Decision close on Tarrant Lane 40B

Jul 11, 2019 by

Published in the July 11, 2019 edition.

By MARK SARDELLA

WAKEFIELD — With the hearings winding down, a Zoning Board of Appeals decision on the proposed 173-unit 40B housing complex on Tarrant Lane could come as soon as the board’s Aug. 14 meeting.

The proposed project would be built on property off Hopkins Street near the Reading line that was once used by the Coast Guard to house the families of officers. In 2016, Anthony Bonacorso purchased the 3.4-acre site from the federal government. The original plan was to build 190 units in three five-story buildings, but based on feedback from the ZBA, the project has been scaled back and redesigned.

The project would consist of three multi-story buildings, plus a clubhouse. Building 1 will have 58 living units, Building 2 includes 50 units and building 3 will have 65 units.

In anticipation of a decision coming as soon as next month, last night’s hearing was devoted to tying up loose ends and determining what final hurdles need to be cleared prior to closing the hearing.

Attorney Jesse Shomer represented Bonacorso, who was also at last night’s hearing.

John Tilton of Williams & Sparages Engineering reviewed some changes to the plans that the board had requested at a previous hearing. One of those requests was the placement of six bollards around the dumpster area.

Tilton said that there was also a slight revision to the subsurface stormwater retention system to make it capable of handling a 25-year storm.

Tilton said that the town’s Engineering Department had requested that the onsite stormwater detention/infiltration system be increased to handle 50- and 100-year storms. But Tilton pointed out that by agreeing to go to the 25-year storm level, the applicant had already gone beyond what was required for a 40B project. It was also noted that, with drainage system as proposed, some overflow would be expected in a 100-year storm but it would still be an improvement over the current conditions.

One question that remained up in the air was the amount of money that the developer would be willing to contribute to help finance bringing a water main across the Hopkins Street Bridge that would service the project. (The developer has an agreement with Reading to continue providing water to the site, but Wakefield would like an opportunity to provide water service to the project.)

Bonacorso said that he was open to to the idea of helping to bring Wakefield water across the bridge. Part of the delay in getting an agreement worked out was attributed to summer vacations and the recent retirement of DPW Director Rick Stinson. The developer hoped to have an agreement worked out by the Aug. 14 ZBA meeting.

Tilton also reviewed highlights of a written memorandum including comments and recommendations from Town Engineer William Renault related mainly to water, sewer and other public works-related matters pertaining to the project. The developer agreed to nearly all of Renault’s comments and recommendations.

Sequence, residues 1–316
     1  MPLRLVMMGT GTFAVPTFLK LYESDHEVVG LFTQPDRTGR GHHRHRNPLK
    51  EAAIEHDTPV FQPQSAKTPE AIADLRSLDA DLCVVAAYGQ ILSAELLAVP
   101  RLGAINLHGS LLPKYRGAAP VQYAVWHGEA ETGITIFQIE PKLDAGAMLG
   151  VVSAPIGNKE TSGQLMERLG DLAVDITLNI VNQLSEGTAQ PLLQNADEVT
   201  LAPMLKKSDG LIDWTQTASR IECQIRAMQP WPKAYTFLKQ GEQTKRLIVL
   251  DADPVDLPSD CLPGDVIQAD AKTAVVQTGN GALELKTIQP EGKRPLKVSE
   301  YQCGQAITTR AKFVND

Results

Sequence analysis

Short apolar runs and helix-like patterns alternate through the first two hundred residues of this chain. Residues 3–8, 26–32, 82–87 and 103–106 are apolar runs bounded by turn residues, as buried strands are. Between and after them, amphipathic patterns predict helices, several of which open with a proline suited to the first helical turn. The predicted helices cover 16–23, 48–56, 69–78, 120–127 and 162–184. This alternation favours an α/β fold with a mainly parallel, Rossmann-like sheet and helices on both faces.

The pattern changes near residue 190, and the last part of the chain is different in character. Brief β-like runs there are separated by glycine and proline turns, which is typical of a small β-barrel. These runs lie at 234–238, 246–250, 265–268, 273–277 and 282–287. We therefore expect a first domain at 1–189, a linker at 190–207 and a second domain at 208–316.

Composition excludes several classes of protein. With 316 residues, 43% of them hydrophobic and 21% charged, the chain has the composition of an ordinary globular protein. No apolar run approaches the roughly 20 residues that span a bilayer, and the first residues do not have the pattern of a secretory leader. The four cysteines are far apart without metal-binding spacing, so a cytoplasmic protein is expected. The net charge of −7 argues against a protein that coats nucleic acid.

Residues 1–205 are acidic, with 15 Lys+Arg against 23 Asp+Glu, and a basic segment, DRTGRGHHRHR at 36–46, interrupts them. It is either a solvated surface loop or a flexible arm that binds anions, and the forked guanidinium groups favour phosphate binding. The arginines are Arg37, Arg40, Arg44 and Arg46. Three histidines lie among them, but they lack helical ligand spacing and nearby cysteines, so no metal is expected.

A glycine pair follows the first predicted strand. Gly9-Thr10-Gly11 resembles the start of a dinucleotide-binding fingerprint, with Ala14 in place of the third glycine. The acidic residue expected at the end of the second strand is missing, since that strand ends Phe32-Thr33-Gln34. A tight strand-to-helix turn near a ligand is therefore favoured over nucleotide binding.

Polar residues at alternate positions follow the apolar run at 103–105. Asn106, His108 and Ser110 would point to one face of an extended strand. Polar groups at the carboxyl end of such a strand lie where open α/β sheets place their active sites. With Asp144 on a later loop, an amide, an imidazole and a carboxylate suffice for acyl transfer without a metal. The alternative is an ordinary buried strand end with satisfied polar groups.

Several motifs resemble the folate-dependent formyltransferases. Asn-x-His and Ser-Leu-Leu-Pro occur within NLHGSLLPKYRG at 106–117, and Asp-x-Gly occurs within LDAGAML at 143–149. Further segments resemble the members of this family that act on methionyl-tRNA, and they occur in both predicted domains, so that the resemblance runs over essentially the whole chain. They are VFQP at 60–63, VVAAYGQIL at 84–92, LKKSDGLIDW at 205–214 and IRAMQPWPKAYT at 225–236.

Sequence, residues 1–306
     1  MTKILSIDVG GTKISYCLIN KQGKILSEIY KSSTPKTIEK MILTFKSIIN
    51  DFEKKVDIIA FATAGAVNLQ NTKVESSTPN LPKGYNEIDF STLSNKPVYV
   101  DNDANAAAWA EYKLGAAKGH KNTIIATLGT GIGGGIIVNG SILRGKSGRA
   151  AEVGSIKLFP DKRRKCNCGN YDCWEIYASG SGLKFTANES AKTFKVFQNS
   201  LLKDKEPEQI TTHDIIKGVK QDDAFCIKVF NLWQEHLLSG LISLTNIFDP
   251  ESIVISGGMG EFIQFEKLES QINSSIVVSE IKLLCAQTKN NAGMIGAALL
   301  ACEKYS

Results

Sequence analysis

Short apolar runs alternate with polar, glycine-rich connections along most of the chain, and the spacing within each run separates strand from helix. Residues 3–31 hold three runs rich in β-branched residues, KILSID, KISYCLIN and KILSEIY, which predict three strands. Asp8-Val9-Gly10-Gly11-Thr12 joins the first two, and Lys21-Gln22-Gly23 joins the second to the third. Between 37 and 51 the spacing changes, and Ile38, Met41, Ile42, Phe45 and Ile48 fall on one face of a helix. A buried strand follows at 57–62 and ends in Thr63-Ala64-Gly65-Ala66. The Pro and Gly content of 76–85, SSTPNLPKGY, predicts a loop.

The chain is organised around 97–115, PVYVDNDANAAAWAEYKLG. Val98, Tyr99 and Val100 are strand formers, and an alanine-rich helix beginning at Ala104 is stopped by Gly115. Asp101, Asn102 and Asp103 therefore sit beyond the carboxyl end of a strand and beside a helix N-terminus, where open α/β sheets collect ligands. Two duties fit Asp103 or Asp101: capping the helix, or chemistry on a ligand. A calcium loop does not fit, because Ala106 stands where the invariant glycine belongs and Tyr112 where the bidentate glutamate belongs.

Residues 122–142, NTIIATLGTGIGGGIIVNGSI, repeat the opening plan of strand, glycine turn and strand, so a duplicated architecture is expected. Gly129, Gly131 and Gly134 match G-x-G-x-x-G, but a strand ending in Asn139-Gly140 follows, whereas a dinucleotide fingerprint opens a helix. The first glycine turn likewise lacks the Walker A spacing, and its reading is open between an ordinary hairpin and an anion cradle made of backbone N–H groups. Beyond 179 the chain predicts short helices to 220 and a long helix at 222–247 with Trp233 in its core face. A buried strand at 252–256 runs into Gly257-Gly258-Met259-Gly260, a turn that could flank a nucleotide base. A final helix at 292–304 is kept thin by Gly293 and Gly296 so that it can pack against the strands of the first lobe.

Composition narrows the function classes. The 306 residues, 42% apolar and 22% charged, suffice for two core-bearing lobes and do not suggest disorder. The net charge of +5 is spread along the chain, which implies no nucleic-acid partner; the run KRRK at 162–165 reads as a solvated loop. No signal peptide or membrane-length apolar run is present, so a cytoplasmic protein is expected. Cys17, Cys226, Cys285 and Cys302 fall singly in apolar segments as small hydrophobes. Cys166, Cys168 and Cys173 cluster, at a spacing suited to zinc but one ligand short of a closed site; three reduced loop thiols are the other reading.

Architect Rob Schaefer provided a mock-up diagram showing the materials to be used for various elements of the building exteriors. Board members reminded the development team that they would want details like laundry and air conditioning vents to be shown on the final plans.

Schaefer also showed a night rendering depicting what the finished site would look like under the revised lighting plan that the board had requested. The ZBA had asked for a change from tall lighting poles in the surface parking areas to a larger number of shorter poles.

Schaefer also showed examples of the types of bollard lighting that are being considered to illuminate the walkways and the courtyard.

Shomer said that the development team felt that they had reached a point where they were ready to begin drafting a decision for the board’s consideration.

There was some discussion on the level of specificity that the board would be looking for in terms of proposed construction materials. Shomer said that he felt that the developer had already gone beyond the level of detail required for 40B projects.

Board members noted that they understood that changes are sometimes necessary when proposed materials are no longer available and those changes could be easily approved by the board as needed. To streamline that process, a subcommittee of the ZBA will work with the development team before any minor modifications go before the full board.

Shomer agreed to provide draft conditions and an Operations and Maintenance Plan for the board to review prior to its next meeting on Aug. 14.

Assuming that an O&M Plan as well as a schedule and operations plan for construction are submitted and approved by the board on Aug. 14, ZBA member Chip Tarbell wondered if the board would then be ready to vote on the project.

Shomer said that until all aspects of the decision are final, he would anticipate leaving the hearing open.

No one from the public offered testimony at last night’s hearing.

The board continued the hearing to Aug. 14.

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